A few months ago, there was talk coming from Hewlett-Packard regarding their Personal Systems Group, which is the OEM/PC Manufacturing aspect of the company. Management talked and seemed to decide that they would pull and IBM and sell off their PC division to become a services company. This plan was pushed by the (now) former CEO Leo Apotheker who came from a services background. The company stopped rolling out WebOS devices including the HP Touchpad, and was further considering getting rid of the whole PC division.
A surprising "whoops" emanated from HP today as the new CEO Meg Whitman reversed the previous plans to spin off the PC or Personal Systems Group division. According to Ars Technica, HP’s PSG isn’t going anywhere any time soon. The site quoted the new HP CEO in stating “it’s clear after our analysis that keeping PSG within HP is right for customers, and partners, right for shareholders, and right for employees.” She believes keeping the Personal Systems Group makes HP stronger.
Not only is HP keeping the OEM aspects of the company alive, they are planning on expanding their current lineup in the mobile space with, and you guessed it, an ultrabook of all things! While this is likely much to the chagrin of our own Jeremy Hellstrom who would rather have 2 X79 motherboards duct taped together than an ultrabook, consumers and fans of a certain other fruit flavored slim form factor computer will likely appreciate some more competition in the ultrabook space to bring down prices a bit.
HP’s Executive Vice President over the PSG, Todd Bradley, has been quoted by several sites in a conference call yesterday as saying an HP Ultrabook is coming very soon.
"We’re very focused on having a suite in that ultramobile space. And you’ll see that very soon."
-via Maximum PC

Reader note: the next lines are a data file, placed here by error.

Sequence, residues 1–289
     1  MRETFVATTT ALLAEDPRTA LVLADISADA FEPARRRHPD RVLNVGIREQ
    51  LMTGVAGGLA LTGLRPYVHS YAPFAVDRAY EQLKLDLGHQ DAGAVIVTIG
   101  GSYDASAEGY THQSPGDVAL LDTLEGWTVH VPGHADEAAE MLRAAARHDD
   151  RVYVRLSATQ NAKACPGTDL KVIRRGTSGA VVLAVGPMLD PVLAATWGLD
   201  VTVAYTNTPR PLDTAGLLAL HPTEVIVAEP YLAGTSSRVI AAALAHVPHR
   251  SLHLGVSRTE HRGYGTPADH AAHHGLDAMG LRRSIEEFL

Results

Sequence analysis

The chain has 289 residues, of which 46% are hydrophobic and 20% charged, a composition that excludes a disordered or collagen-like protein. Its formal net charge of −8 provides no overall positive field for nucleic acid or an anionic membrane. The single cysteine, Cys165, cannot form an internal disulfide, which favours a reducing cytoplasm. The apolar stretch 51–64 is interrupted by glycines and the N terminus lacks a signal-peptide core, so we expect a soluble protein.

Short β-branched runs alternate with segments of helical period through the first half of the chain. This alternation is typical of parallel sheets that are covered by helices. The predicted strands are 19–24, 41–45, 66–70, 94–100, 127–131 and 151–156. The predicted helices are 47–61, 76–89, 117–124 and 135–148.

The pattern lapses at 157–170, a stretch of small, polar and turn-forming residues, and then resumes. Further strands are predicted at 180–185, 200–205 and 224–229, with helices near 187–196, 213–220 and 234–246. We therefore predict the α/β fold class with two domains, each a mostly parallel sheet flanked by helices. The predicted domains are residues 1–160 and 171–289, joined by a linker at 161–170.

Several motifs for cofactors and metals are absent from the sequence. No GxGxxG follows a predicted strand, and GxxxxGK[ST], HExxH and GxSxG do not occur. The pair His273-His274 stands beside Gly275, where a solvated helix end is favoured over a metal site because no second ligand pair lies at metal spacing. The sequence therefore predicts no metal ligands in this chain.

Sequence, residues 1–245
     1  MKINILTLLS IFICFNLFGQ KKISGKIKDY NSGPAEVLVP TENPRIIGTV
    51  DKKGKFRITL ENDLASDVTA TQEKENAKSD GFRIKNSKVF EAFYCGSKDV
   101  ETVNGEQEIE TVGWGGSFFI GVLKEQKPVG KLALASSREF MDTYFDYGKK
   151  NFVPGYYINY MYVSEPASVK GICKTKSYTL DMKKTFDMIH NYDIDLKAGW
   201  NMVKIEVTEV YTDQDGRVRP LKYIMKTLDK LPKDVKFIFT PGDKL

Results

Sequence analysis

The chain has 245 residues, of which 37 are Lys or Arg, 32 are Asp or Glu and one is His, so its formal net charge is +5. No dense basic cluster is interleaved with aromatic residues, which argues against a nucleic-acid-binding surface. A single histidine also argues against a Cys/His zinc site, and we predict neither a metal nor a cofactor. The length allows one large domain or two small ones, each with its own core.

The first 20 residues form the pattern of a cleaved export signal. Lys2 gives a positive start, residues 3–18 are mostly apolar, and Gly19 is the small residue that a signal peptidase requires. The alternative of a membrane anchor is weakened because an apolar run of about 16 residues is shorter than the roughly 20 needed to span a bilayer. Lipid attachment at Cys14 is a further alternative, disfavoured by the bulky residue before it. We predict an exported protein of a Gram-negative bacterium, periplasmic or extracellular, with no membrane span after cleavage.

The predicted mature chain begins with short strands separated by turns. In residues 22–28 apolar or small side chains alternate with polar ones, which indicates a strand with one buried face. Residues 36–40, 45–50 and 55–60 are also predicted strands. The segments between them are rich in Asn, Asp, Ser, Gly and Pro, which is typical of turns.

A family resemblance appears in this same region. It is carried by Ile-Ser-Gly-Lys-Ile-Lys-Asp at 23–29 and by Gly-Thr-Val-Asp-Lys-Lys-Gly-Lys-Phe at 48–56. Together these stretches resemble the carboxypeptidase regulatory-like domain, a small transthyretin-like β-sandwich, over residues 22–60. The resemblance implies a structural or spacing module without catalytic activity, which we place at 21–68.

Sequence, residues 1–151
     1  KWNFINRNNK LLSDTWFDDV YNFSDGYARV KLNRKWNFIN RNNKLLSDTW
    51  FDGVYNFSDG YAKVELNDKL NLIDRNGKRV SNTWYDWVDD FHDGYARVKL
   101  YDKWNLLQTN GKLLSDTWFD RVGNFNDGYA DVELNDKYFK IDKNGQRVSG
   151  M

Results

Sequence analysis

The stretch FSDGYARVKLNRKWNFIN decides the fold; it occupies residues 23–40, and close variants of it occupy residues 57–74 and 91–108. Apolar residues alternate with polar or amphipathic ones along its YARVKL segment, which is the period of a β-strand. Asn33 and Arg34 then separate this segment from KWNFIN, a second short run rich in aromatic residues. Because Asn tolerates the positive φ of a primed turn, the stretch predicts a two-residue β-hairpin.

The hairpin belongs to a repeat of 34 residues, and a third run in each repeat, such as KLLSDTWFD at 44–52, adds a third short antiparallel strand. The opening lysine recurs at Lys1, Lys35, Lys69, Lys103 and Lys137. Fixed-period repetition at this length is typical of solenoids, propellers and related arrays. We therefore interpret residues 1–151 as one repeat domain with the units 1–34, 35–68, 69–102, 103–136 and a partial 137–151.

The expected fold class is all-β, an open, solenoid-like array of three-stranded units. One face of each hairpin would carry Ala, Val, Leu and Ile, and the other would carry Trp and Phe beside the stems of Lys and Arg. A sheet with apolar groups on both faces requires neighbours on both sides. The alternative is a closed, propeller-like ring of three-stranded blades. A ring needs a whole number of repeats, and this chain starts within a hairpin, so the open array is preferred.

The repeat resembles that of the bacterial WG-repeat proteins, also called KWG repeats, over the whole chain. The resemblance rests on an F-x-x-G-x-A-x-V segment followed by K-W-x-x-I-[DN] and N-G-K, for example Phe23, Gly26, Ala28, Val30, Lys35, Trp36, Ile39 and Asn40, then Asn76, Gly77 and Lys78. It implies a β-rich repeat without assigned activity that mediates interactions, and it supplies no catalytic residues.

What do you think of this move? Does HP need a lesson in moderation in a time when they are either all on or all off on decisions (that are further flip flopping back and forth), or will jumping into the Ultrabook game be a good thing for the company?
Subject: General Tech | October 27, 2011 - 12:44 PM | Jeremy Hellstrom
Tagged: arm, hp, servers, Calexda, MIPS, Godson
There have been many discussions as of late on the eventual arrival of ARM in the server room, with AMD and Intel suffering the losses. A company called Calexda has made the possibility into reality with their own custom designed ARM chips. They figure on cramming 120 of the processors into a 2U box with incredibly low power draw; in the neighbourhood of a 90% reduction. AMD's customers may stay with an architecture that they know, however Intel stands to lose power conscious customers if Calexda can provide performance and compatibility. SemiAccurate also touches on Lenovo's investigation of building servers based on a MIPS design called Godson.
"According to a report from Bloomberg News Service HP (NYSE:HPQ) will start manufacturing servers based on the ARM architecture in a sharp departure from its previous Intel-only design philosophy.
The processors for the HP servers will come from the startup Caxeda, which is partly owned by ARM. Caxeda is planning a quadcore processor based on the ARM Cortex-A9 design."
Here is some more Tech News from around the web:
- Now pictures on the Internet can be faked @ Hack a Day
- Inside Google Plus @ Wired
- Official "Firefox With Bing" Released @ Slashdot
- Youtube will launch its own video channels @ The Inquirer
- Asustek, Gigabyte to miss motherboard shipment targets for 2011 @ DigiTimes
- Avira anti-virus labels itself as spyware @ The Register
- Linux 3.1 Enhances Sandy Bridge, Preps For Ivy Bridge @ Phoronix
- Hybrid PhysX Mod 1.05ff @ NGOHQ
- Final BlizzCon 2011 Coverage @ Legit Reviews
- Real World Labs And Sandberg Joint Contest
Subject: General Tech, Mobile | October 25, 2011 - 10:17 PM | Tim Verry
Tagged: windows 8, webOS, touchpad, tablet, slate, hp
The HP Touchpad was tablet that ran HP's WebOS mobile operating system. It was also a tablet with an extremely short lifespan, one that was ended long before its time according to the sentiments of many enthusiasts. The tablet's demise was a casualty of the company's former CEO Léo Apotheker getting rid of HP's PC division, and it started going for fire sale prices only a few weeks after its initial release.